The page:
Acid Reflux Research Tips

Tracy Davenport, Ph.D. Health Guide
  • If you are a patient or caregiver, then you are also a consumer of medical research. Therefore, it is important to understand that medical research, even the best medical research, is produced in a historical and social context by individuals.


    More simply put, there are usually only a few people who are responsible for the latest information on a topic like acid reflux, and even when the best of research methods are used, the research may be biased. This concept can be really important in deciding how to interpret the findings of a medical study, and therefore, how to pursue medical treatment. Unfortunately, some who base their decisions on “the latest medical research” are under the impression that just because research is published, it is impartial or unbiased.

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    I need to stop here and make one thing clear. Biased research is not bad research. In fact, I will argue that all research, including all medical research, is biased. Instead, my point is this: a researcher is just a person, or sometimes a group of a few people. This is a concept that can become very lost when the popular press reports something like, “Harvard Medical School Finds Large Doses of Acid Reflux Medication Can Hurt Your Bones.”  I am using this fictitious example to illustrate a point. By the sounds of it, you might think that everyone at HarvardMedicalSchool all got together and agreed on not only the findings of the study, but what question the researcher asked in the first place! This is just not how it works. In the world of research, the person behind the study is responsible for not only what research question is asked, but also how the information is collected, how the results are interpreted and where the findings are published.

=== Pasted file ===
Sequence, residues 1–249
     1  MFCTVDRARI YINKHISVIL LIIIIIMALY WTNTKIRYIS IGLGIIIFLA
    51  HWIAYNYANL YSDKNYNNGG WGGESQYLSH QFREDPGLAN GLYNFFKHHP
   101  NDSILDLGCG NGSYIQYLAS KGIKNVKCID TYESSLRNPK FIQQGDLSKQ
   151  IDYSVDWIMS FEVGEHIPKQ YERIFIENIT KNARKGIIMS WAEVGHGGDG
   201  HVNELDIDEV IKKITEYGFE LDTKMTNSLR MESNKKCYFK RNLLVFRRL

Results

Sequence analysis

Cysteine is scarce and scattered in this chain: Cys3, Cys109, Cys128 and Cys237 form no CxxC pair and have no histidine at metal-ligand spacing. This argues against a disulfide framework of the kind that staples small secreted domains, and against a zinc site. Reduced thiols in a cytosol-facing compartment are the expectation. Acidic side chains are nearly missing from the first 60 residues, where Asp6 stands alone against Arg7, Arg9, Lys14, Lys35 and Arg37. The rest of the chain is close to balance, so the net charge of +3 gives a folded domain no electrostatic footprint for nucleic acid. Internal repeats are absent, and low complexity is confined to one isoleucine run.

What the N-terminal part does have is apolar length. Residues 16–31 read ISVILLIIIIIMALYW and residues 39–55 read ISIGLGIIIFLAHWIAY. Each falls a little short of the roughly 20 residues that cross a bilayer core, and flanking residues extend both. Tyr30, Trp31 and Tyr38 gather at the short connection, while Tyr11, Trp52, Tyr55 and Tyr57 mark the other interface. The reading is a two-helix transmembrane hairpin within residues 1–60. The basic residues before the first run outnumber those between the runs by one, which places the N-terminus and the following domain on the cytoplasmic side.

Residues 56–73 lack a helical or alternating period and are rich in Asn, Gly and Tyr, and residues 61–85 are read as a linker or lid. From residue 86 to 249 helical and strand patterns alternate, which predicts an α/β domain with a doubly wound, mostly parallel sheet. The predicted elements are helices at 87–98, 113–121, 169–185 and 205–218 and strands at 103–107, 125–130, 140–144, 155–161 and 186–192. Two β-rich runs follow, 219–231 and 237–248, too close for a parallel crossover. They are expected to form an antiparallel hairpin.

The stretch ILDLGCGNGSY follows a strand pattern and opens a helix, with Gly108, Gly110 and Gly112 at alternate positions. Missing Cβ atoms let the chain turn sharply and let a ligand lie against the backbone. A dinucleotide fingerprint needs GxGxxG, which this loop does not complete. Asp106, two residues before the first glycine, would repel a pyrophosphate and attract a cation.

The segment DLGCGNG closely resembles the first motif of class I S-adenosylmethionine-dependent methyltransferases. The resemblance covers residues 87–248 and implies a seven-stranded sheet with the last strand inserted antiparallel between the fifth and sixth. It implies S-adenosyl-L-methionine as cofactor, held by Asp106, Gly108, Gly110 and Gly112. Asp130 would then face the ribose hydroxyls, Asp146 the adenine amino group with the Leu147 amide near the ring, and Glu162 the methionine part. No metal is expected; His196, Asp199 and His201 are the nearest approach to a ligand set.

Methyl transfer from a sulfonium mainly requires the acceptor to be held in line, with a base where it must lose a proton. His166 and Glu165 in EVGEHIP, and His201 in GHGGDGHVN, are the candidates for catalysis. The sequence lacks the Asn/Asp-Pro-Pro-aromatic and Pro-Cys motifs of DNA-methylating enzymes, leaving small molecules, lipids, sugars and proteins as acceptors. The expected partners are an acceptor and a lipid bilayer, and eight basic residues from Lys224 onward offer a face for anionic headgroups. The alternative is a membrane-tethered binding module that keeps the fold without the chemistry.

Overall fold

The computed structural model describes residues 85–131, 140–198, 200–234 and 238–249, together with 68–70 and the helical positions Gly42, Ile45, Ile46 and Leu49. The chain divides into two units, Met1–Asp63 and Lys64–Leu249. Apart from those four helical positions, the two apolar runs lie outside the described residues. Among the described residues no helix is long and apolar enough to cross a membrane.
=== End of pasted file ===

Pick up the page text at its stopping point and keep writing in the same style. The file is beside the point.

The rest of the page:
I’ll use another example to further explain my point: If a researcher is a pharmacologist, he is probably going to ask a question like, “What is the half-life of Zantac in a five year old boy?” (from his question alone, he is probably biased for medication, and against surgery, as a reflux treatment).  If a different researcher is a surgeon by training, he may ask, “When does a Nissen Fundoscopy work better than medicine to treat reflux?” (from his question, he is probably biased that surgery should be considered the first option to treat reflux). Can you already picture the potential research outcomes, headlines and then, the advice from your doctor, if either of these examples were real?


    Understanding the latest medical research can be tedious at best, but having insight into how this information makes its way to your doctor and then to you is important to grasp.

    Before your physician convinces you, or you convince yourself, to take an action of reflux treatment based on “the latest research,” you and your doctor need to understand the source of the research. This is just one more reason to make sure you are connected with the best doctors you can reach. Those who are up-to-date on the latest research on acid reflux, and especially those medical professionals who understand the “politics” of research, will be able to help you make a balanced and well-informed medical decision.

Published On: April 11, 2007